Laceration hazard definition
The small blades in the julienne slicer attachment can separate from the plastic assembly, posing a laceration hazard.In Compliance Magazine The electrical and electronics engineers source for all things design, testing, and compliance. laceration hazard definition
Before you begin: Assess work operations, review accident reports as well as personal protective equipment availablerequired to prevent cuts and lacerations. Be prepared to use a questionandanswer format to encourage employee participation in the discussion.
Laceration hazard definition free
A laceration is defined as a jagged wound or cut resulting from contact with a sharp object or surface. Lacerations consistently rank among the most frequent injuries sustained in the forging
The table's glass extension leaf can detach unexpectedly, posing a laceration hazard, the commission stated. Roughly 8, 000 units are affected by the recall, which was announced Tuesday.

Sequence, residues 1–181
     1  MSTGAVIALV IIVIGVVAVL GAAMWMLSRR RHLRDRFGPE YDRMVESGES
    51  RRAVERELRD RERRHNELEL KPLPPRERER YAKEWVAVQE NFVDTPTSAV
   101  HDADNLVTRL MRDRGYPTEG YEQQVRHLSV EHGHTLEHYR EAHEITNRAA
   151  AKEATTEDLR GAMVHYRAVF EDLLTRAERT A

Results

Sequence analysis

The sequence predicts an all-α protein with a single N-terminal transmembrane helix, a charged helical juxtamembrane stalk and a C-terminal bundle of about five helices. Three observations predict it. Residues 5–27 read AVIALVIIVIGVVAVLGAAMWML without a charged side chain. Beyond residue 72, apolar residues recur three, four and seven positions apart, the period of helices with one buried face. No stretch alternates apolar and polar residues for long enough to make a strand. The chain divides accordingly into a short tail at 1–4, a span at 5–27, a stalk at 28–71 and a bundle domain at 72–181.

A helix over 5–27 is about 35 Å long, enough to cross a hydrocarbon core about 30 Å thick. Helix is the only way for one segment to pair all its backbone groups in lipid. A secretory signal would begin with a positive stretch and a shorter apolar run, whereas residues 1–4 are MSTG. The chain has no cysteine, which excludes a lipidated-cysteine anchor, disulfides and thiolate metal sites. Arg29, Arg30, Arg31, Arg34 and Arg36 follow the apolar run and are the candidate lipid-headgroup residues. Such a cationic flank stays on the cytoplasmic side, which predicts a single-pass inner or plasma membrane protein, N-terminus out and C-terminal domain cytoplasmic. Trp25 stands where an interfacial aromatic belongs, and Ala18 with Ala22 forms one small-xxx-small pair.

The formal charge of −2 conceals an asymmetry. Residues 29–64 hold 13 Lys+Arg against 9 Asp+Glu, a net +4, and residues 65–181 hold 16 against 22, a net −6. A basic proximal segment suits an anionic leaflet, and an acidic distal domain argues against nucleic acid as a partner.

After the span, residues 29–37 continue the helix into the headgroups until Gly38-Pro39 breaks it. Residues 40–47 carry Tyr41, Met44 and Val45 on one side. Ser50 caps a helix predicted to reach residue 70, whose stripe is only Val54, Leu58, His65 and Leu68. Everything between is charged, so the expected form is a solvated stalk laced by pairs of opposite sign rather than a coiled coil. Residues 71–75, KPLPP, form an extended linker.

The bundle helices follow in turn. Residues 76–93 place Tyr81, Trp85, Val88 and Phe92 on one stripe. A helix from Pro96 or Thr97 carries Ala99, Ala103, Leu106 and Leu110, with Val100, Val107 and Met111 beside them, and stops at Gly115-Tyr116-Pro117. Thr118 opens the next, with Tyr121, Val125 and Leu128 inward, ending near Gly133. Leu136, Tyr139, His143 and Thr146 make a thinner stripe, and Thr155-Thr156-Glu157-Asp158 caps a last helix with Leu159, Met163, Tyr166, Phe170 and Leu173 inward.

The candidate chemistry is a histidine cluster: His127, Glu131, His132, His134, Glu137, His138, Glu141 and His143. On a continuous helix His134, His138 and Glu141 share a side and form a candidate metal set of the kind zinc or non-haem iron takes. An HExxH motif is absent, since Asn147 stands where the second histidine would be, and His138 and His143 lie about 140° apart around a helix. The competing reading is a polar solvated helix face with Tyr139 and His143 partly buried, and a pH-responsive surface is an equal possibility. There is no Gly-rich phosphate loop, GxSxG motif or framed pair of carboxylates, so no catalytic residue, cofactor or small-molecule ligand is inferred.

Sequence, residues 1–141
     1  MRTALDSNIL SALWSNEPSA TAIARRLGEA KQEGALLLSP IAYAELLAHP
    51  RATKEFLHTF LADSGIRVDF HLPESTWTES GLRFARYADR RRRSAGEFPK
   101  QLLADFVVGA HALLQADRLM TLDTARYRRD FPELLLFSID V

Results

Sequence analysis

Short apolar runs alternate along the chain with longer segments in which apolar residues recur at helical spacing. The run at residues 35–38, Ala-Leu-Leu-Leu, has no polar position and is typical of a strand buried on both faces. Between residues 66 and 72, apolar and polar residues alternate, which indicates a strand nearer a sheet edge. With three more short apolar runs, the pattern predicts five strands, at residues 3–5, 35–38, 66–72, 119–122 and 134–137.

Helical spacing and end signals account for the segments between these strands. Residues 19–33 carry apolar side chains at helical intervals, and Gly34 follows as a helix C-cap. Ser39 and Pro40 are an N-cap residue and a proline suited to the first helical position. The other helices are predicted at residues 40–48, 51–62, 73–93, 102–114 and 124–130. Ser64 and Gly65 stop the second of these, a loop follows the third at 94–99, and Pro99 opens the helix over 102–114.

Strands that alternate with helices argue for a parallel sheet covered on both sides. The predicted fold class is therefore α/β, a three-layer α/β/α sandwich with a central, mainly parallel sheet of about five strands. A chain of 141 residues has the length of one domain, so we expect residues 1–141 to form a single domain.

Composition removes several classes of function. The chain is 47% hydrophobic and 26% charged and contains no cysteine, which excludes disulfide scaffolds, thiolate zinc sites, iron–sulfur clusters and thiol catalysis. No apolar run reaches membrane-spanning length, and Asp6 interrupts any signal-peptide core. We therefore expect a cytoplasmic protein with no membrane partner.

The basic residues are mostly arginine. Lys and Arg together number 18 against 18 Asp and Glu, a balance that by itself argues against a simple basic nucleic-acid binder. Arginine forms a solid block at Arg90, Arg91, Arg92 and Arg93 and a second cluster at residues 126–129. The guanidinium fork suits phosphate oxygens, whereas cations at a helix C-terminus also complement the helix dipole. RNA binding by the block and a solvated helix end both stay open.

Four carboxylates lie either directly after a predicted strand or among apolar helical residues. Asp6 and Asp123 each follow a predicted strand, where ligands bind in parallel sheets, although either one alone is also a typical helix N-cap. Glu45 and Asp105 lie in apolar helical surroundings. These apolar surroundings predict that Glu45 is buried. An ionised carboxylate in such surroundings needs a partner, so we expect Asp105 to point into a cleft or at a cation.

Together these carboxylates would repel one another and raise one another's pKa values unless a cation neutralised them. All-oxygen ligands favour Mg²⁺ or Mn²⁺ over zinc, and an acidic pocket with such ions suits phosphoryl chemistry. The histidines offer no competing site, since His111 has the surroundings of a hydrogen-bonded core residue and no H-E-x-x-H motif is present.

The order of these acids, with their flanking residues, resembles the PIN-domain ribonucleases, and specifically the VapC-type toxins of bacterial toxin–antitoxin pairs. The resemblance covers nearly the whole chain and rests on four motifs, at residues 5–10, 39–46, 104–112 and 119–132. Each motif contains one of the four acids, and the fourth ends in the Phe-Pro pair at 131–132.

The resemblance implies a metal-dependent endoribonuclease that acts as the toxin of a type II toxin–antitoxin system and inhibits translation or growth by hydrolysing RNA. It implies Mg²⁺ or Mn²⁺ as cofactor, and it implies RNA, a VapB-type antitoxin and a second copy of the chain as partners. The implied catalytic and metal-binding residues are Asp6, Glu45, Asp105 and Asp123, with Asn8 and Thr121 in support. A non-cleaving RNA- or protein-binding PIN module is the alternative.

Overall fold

2. a wound produced by the tearing of body tissue, as distinguished from a cut or incision. External lacerations may be small or large and may be caused in many ways, such as a blow from a blunt instrument, a fall against a rough surface, or an accident with machinery.
Laceration: A cut. All that is required to care for most cuts is to wash them with soap and water and keep them clean and dry. Putting alcohol, hydrogen peroxide, and iodine onto cuts can delay healing and should be avoided.
Word Origin and History for laceration n. 1590s, from Middle French lacration, from Latin lacerationem (nominative laceratio ), noun of action from past participle stem of lacerare (see lacerate ).
Laceration Definition What does Laceration mean? A laceration is a kind of tearlike wound or cut within the skin or flesh that is open and may be deep, caused by a blunt impact to soft tissue.
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